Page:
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MANTA: Secret Life of Devil Rays

Written by Dr. Guy Stevens. Photography by Thomas P. Peschak

The World's First Book on Manta Rays.

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Manta rays are the embodiment of nature's majesty - they captivate and connect people to our oceans. Marine biologist Dr. Guy Stevens, and National Geographic photographer Thomas P. Peschak, join forces to create the world's first book on manta rays.

As co-founders of the conservation charity, The Manta Trust, they combine groundbreaking photography and the latest scientific research to create a unique book on these charismatic animals. The authors hope that this definitive publication will convey the grace and inquisitive nature of these threatened rays, capturing what is at stake if we choose not to respect and protect our oceans.



The Manta Trust is a UK and US-registered charity, formed in 2011 to co-ordinate global research and conservation efforts around manta rays. Our vision is a world where manta rays and their relatives thrive within a globally healthy marine ecosystem.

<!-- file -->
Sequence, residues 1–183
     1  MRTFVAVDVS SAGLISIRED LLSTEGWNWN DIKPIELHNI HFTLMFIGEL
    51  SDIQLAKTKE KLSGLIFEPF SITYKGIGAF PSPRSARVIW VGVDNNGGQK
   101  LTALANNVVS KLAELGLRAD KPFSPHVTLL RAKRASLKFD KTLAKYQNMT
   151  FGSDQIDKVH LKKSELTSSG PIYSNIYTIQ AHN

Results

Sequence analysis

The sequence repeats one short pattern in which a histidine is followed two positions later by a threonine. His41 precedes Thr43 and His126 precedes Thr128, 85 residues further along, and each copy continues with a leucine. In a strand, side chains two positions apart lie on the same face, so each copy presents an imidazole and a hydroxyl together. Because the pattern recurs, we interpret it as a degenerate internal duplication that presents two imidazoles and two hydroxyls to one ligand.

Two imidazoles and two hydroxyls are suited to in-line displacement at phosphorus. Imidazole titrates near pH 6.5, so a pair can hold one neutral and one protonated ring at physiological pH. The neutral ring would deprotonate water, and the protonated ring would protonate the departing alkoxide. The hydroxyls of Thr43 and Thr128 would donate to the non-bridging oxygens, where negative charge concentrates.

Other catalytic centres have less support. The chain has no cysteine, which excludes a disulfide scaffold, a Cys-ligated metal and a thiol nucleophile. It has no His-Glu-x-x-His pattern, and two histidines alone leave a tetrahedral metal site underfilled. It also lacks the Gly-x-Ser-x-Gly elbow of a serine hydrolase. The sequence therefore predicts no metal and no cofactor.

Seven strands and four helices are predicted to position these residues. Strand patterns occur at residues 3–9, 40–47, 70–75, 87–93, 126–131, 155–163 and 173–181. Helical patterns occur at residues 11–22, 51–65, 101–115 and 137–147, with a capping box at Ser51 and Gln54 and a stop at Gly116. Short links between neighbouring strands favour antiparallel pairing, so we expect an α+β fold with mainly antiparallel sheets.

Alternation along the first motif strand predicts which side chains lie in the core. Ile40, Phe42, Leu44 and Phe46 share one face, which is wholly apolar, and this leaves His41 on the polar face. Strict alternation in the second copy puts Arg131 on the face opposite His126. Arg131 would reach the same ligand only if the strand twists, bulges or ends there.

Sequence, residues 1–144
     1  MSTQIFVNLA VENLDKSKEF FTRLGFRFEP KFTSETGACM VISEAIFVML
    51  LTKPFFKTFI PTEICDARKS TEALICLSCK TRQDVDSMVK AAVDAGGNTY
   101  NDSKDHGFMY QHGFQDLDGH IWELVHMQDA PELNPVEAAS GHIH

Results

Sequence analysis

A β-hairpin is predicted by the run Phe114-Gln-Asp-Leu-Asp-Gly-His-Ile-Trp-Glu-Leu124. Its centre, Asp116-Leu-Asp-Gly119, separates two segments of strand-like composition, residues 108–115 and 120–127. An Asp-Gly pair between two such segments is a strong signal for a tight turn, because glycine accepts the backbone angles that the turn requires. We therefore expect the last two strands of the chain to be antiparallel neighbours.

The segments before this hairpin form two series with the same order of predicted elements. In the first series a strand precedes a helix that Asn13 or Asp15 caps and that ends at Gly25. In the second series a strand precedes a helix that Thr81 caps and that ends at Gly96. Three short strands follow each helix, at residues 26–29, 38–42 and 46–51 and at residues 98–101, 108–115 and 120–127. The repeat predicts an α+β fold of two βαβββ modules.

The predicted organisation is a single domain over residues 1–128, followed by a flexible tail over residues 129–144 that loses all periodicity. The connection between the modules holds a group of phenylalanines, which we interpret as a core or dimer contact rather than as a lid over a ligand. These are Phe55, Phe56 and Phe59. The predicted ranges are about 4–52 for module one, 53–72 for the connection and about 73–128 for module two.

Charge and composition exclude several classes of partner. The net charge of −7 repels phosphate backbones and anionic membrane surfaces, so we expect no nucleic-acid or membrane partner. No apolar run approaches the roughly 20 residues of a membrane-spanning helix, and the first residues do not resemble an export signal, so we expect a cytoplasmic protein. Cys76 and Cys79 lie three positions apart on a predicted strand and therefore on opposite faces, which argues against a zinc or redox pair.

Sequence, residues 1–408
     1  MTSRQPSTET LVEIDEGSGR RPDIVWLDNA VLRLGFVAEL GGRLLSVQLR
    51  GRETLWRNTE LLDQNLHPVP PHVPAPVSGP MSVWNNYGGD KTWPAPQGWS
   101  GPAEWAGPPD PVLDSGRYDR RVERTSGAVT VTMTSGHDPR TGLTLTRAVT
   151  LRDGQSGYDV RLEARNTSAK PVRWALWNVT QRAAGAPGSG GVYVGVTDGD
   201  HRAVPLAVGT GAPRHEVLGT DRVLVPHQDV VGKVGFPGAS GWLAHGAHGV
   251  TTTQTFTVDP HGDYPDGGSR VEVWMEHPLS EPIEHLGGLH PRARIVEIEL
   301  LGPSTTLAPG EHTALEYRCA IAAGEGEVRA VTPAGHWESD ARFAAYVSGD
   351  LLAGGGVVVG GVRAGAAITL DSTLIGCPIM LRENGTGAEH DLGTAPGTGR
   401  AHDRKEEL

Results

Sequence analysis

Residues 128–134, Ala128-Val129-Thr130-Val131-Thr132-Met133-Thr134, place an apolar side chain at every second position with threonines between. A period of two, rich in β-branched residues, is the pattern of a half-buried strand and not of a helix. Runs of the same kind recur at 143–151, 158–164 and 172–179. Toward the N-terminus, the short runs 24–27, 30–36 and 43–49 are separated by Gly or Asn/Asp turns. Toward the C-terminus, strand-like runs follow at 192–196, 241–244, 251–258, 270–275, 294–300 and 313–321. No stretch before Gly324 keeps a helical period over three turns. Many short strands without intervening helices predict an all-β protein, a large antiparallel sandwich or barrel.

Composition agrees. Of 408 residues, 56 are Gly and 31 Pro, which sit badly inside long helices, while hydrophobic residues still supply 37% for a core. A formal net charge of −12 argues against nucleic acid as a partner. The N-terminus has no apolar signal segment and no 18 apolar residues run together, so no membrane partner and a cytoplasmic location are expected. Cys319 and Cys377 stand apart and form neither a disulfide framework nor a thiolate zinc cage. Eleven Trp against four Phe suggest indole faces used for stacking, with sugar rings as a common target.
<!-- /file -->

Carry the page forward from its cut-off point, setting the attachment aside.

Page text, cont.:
The Manta Trust takes a multidisciplinary approach to conservation. We focus on conducting robust research to inform important marine management decisions. With a network of over 20 projects worldwide, we specialise in collaborating with multiple parties to drive conservation as a collective; from NGOs and governments, to businesses and local communities. Finally, we place considerable effort into raising awareness of the threats facing mantas, and educating people about the solutions needed to conserve these animals and the wider underwater world.

Made possible thanks to:

MANTA: Secret Life of Devil Rays was published by the Save Our Seas Foundation (SOSF), an NGO funding innovative projects on marine research, conservation and education around the globe. In 2007, Guy Stevens' manta research in the Maldives was one of the first conservation projects funded by SOSF. A decade later, this collaboration has evolved into a proud partnership in which SOSF delightedly supports the influential mobulid conservation projects Manta Trust conducts, such as the creation of this book.